4
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Compare the following code:

Clear[t];
t = <||>;
t[2] = 1/2;
t[2]

with

Clear[t];
t[2] = <||>;
t[2][2] = 1/2;
t[2][2]

The first works and the second doesn't. And AssociateTo[t[2], 2->1/2] works. What is the difference of mechanism behind the two methods?

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    $\begingroup$ is there any good reason why you don't make t an Association in the first place also for case 2? t=<||>;t[2] = <||>;t[2][2] = 1/2 works very nicely and seems the best fit as long as you use the downvalues of t as a hash table anyway... $\endgroup$ – Albert Retey Feb 7 '17 at 8:37
  • $\begingroup$ @AlbertRetey Very interesting work-around! Why don't you post that as an answer? $\endgroup$ – Mr.Wizard Feb 7 '17 at 9:09
  • $\begingroup$ @Mr.Wizard: thanks, just did that... $\endgroup$ – Albert Retey Feb 7 '17 at 9:30
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    $\begingroup$ while there is no default value for Association there is Lookup which lets you extract by key and give a default value when the key is not present. That will of course need adaption to the existing code, but it should provide the functionality you are searching for... $\endgroup$ – Albert Retey Feb 7 '17 at 10:57
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    $\begingroup$ @Mr.Wizard: sorry with "it works" I just meant that Lookup does what is documented. Of course there are use cases like the ones you mention where it isn't doing what is needed. I think it is still worth mentioning that Lookup exists and suggest to use it where appropriate, even if it doesn't cover every use case (and taste). That doesn't mean I wouldn't appreciate if WRI would provide an Association which supports defaults if that is possible... $\endgroup$ – Albert Retey Feb 7 '17 at 22:35
7
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This is nothing unique to Association; the same issue affects simple lists:

a[1] = {1, 2, 3};

a[1][[2]] = 7;

Set::setps: a[1] in the part assignment is not a symbol. >>

For full examination of this problem see: How to Set parts of indexed lists?

As you can see from the answers to that question there is no universally satisfying and clean solution.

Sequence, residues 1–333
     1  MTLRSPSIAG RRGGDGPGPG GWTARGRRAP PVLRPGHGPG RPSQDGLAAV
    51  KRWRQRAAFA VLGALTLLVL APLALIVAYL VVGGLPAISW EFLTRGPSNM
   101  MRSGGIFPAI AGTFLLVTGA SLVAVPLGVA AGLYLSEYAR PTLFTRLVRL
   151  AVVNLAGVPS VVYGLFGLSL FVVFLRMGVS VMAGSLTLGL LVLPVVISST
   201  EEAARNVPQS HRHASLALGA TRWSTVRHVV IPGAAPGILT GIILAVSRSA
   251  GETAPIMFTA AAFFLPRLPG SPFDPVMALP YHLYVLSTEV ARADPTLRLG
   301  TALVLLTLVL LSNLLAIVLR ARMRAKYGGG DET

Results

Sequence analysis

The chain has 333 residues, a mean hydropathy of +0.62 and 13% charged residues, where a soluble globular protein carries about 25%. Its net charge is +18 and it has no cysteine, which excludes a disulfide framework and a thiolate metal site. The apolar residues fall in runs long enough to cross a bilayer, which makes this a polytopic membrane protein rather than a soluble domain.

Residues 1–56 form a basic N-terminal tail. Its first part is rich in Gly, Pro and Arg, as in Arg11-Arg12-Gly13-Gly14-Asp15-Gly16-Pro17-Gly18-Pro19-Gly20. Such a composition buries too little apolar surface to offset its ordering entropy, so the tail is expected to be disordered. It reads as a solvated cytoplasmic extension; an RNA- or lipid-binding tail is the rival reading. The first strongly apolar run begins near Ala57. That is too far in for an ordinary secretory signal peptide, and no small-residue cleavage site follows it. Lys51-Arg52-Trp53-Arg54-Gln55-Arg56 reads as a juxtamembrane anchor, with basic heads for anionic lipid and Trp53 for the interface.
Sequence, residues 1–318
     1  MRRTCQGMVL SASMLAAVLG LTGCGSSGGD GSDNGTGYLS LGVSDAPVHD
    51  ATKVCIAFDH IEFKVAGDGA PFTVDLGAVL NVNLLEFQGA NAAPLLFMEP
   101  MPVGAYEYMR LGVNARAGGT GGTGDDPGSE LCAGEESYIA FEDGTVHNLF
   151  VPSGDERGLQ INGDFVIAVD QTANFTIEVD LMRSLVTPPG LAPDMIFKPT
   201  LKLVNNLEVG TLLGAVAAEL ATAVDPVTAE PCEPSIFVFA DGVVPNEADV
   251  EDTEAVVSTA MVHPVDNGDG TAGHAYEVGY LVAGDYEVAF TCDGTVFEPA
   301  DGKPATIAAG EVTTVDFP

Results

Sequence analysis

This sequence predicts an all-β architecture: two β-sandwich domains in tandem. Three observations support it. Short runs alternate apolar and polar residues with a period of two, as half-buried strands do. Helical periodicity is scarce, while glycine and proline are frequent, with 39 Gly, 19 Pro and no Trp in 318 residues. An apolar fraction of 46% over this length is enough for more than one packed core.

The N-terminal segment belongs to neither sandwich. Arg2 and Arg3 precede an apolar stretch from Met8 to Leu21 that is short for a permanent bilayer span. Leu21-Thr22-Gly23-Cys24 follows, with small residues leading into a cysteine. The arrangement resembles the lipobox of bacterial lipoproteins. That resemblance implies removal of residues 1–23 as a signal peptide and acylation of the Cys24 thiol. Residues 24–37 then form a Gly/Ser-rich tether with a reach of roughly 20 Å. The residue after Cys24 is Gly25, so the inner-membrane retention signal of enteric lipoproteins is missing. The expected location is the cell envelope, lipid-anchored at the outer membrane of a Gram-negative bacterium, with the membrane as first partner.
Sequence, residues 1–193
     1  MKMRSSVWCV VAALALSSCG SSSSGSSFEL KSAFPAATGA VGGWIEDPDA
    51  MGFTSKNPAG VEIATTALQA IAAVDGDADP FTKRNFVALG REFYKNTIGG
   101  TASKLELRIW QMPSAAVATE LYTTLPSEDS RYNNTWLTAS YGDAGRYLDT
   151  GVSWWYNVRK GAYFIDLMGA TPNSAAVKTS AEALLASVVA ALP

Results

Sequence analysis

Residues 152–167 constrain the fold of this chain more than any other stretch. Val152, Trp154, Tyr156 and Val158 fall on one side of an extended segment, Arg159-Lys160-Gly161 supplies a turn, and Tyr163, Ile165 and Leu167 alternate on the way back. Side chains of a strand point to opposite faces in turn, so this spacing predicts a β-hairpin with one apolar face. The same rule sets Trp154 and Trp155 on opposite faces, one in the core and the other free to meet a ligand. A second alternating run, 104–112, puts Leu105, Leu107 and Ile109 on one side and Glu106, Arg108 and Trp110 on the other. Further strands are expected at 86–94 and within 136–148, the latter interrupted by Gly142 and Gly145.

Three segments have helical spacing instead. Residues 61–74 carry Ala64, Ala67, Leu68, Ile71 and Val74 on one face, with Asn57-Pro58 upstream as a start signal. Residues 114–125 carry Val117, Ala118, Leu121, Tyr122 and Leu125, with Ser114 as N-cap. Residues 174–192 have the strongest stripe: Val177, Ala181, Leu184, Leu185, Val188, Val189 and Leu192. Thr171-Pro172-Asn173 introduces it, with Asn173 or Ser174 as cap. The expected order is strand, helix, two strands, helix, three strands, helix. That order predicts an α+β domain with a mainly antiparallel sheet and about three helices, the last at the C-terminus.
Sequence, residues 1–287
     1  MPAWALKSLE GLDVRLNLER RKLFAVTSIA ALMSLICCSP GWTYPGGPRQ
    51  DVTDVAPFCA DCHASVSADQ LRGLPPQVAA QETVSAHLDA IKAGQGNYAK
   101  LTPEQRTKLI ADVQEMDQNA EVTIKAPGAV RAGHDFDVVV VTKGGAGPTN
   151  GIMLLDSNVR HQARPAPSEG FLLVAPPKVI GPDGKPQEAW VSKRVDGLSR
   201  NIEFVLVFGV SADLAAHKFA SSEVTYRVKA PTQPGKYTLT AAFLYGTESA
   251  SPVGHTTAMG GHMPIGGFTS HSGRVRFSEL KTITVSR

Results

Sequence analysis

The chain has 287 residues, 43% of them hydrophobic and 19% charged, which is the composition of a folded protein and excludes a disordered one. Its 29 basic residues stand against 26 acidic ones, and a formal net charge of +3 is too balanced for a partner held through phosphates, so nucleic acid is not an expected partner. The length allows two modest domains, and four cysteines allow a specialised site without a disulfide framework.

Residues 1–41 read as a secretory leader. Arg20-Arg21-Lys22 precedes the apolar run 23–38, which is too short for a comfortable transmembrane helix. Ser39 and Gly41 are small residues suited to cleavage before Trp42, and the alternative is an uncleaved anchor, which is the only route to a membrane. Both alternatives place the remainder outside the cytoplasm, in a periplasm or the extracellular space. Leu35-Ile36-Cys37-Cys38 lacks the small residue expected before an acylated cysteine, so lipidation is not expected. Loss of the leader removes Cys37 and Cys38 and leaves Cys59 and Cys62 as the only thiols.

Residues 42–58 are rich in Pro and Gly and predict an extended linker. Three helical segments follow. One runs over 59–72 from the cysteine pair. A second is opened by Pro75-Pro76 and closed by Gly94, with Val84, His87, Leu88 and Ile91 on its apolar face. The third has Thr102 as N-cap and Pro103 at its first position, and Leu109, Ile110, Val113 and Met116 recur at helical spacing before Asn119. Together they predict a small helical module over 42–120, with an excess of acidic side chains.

You wrote: "And AssociateTo[t[2], 2->1/2] works." On my system (v10.1.0) it does not:

t[2] = <||>;
AssociateTo[t[2], 2 -> 1/2]

AssociateTo::rvalue: t[2] is not a variable with a value, so its value cannot be changed. >>

If this has been amended in more recent versions then I'd say it is the canonical solution to this problem. For older versions there is this:

t[2] = <|t[2], 2 -> 1/2|>;

t[2]
<|2 -> 1/2|>
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    $\begingroup$ Thanks! I am using version 11 and that AssociationTo worked. Perhaps you can try this on their free cloud platform. It is surprising that they changed design of part of the core language. $\endgroup$ – William Riddle Feb 7 '17 at 4:55
  • $\begingroup$ @WilliamRiddle I do not find that surprising as is not an incompatible change; rather it is an extension or bug-fix, depending on one's perspective. $\endgroup$ – Mr.Wizard Feb 7 '17 at 4:59
4
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This does not exactly answer your question, but it indicates how you can avoid the problem you have detected in almost all use cases: using downvalues as a hashtable is possible and often recommended, but since version 10 we have Associations which were introduced exactly for that purpose, whereas the use of downvalues as a hashtable looks more like an accidential benefit of pattern matching optimizations. The problem you have indicated is actually one of the most convincing use cases that justify the addition of a fundamental new datatype to Mathematica after more than 20 years. This should work with any recent version:

ClearAll[t]
t=<||>
t[2]=<||>
t[2][2]=1/2
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